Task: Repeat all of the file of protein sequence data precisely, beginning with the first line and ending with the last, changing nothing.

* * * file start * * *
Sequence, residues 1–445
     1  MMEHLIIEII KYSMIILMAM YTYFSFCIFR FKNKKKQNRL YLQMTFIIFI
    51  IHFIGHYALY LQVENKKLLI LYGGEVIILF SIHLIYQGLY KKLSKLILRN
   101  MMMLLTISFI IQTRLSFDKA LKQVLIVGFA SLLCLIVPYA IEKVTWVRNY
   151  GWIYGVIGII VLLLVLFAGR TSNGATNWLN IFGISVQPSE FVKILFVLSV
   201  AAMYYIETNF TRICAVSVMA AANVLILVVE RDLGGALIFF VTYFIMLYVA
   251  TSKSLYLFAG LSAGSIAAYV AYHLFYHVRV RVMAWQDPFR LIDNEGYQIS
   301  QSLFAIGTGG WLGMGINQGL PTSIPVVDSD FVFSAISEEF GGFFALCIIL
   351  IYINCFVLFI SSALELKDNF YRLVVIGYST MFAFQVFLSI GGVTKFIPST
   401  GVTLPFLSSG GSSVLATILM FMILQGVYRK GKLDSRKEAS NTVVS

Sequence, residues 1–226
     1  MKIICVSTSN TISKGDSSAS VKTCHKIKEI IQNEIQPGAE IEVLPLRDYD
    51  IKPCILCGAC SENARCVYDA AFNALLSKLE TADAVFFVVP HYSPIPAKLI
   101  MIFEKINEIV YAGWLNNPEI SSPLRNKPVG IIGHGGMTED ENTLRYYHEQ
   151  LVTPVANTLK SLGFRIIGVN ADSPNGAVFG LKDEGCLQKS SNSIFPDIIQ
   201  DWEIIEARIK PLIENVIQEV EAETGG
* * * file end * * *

Sequence, residues 1–445
     1  MMEHLIIEII KYSMIILMAM YTYFSFCIFR FKNKKKQNRL YLQMTFIIFI
    51  IHFIGHYALY LQVENKKLLI LYGGEVIILF SIHLIYQGLY KKLSKLILRN
   101  MMMLLTISFI IQTRLSFDKA LKQVLIVGFA SLLCLIVPYA IEKVTWVRNY
   151  GWIYGVIGII VLLLVLFAGR TSNGATNWLN IFGISVQPSE FVKILFVLSV
   201  AAMYYIETNF TRICAVSVMA AANVLILVVE RDLGGALIFF VTYFIMLYVA
   251  TSKSLYLFAG LSAGSIAAYV AYHLFYHVRV RVMAWQDPFR LIDNEGYQIS
   301  QSLFAIGTGG WLGMGINQGL PTSIPVVDSD FVFSAISEEF GGFFALCIIL
   351  IYINCFVLFI SSALELKDNF YRLVVIGYST MFAFQVFLSI GGVTKFIPST
   401  GVTLPFLSSG GSSVLATILM FMILQGVYRK GKLDSRKEAS NTVVS

Sequence, residues 1–226
     1  MKIICVSTSN TISKGDSSAS VKTCHKIKEI IQNEIQPGAE IEVLPLRDYD
    51  IKPCILCGAC SENARCVYDA AFNALLSKLE TADAVFFVVP HYSPIPAKLI
   101  MIFEKINEIV YAGWLNNPEI SSPLRNKPVG IIGHGGMTED ENTLRYYHEQ
   151  LVTPVANTLK SLGFRIIGVN ADSPNGAVFG LKDEGCLQKS SNSIFPDIIQ
   201  DWEIIEARIK PLIENVIQEV EAETGG